Analytical Report on the Safety of Journalists in Nigeria – January 2017 to May 2019

The Analytical Report on the Safety of Journalists in Nigeria – English produced by Media Rights Agenda (MRA) highlights the freedom of expression and safety of journalists situation in Nigeria from January 2017 to May 2019.

Nigerian journalists face a variety of attacks in the course of carrying out their professional duties, including assault and battery, arrest and detention, shutdown of media outlets, raid of media outlets, confiscation/destruction of work equipment, abductions, prevention from carrying out professional duties among others.

State security agents have been idientified as the major perpetrators of these attacks against journalists. Sadlly, the security and law-enforcement agencies do not seem interested in investigating the attacks or bringing the perpetrators to justice as there are no record of these cases being investigated or the perpetrators being prosecuted. In some other cases, the judiciary seems to be coopted into exacerbating the attacks by unnecessarily detaining journalists for civil matters and where judges agree to grant detainee bail, the conditions are so stringent that they end up spending unnecessarily long time in detention: this situation affects journalists and other citizens who post what those in authority consider unfavourable to them.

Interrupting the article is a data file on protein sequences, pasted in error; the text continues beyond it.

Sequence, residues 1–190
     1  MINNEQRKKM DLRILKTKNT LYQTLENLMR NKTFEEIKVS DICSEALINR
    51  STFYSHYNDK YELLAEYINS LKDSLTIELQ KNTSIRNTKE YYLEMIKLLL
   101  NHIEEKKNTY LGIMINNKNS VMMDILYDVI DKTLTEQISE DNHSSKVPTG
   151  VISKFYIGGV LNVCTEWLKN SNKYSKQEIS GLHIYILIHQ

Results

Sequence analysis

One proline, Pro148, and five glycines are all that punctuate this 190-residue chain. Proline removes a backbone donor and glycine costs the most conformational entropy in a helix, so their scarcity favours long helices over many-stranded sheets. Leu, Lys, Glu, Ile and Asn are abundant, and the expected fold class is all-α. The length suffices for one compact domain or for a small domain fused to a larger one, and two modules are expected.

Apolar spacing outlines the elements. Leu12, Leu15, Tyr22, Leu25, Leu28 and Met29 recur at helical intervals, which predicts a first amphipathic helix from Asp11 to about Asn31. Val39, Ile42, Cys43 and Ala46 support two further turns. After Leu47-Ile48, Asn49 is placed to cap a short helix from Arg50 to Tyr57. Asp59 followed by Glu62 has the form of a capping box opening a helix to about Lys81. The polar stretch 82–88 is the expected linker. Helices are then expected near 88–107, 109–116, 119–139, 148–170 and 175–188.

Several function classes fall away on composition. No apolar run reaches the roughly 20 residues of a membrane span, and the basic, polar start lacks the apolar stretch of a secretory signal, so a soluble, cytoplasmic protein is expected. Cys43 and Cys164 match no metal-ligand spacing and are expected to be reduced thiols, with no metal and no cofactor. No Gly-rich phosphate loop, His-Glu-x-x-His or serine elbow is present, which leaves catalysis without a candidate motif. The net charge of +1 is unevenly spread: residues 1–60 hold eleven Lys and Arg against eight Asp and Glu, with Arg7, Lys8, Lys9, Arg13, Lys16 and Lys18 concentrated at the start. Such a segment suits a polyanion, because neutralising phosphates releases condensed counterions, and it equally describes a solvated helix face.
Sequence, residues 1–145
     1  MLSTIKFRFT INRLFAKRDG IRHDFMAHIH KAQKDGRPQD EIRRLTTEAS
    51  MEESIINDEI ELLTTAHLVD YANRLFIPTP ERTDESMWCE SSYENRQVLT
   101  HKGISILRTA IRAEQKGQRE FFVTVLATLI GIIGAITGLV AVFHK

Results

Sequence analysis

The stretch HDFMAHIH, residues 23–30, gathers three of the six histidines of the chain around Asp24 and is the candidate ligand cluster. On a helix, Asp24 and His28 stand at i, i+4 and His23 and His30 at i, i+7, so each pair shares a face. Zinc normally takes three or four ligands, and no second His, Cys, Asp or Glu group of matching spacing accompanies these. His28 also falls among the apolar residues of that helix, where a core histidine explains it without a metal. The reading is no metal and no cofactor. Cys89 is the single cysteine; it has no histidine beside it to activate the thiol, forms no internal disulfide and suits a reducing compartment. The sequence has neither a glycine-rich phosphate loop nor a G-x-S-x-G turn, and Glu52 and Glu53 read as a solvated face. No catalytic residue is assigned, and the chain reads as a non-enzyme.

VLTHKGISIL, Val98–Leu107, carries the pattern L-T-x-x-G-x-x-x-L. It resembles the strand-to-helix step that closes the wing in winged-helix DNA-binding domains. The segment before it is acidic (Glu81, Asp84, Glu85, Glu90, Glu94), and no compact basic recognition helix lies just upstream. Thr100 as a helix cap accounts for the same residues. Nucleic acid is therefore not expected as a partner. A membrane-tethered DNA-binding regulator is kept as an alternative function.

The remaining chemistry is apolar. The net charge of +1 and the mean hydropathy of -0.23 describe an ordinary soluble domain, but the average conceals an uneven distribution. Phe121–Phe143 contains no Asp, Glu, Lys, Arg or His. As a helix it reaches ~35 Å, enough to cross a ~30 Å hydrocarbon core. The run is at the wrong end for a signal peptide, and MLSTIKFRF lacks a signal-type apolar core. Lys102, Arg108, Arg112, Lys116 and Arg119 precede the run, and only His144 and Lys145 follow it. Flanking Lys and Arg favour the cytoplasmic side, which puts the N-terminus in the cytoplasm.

Elections periods have become dangerous periods for journalists as they are subjected to various forms of attacks including physical assault, restrictions on their news and information gathering activities, arrest and detention, abduction, and destruction of equipment.

Kindly click here to access the full report on the Analytical Report on the Safety of Journalists in Nigeria – English

This report was produced with support from the African Freedom of Expression Exchange (AFEX) as part of the its campaign to promote safety of journalists and combat impunity in Africa.  Similar reports have been produced and publicised by AFEX and its member organisations in seven other African countries including Cameroon, DRC, Ghana, Guinea, Tanzania, Uganda, Zimbabwe and Tanzania.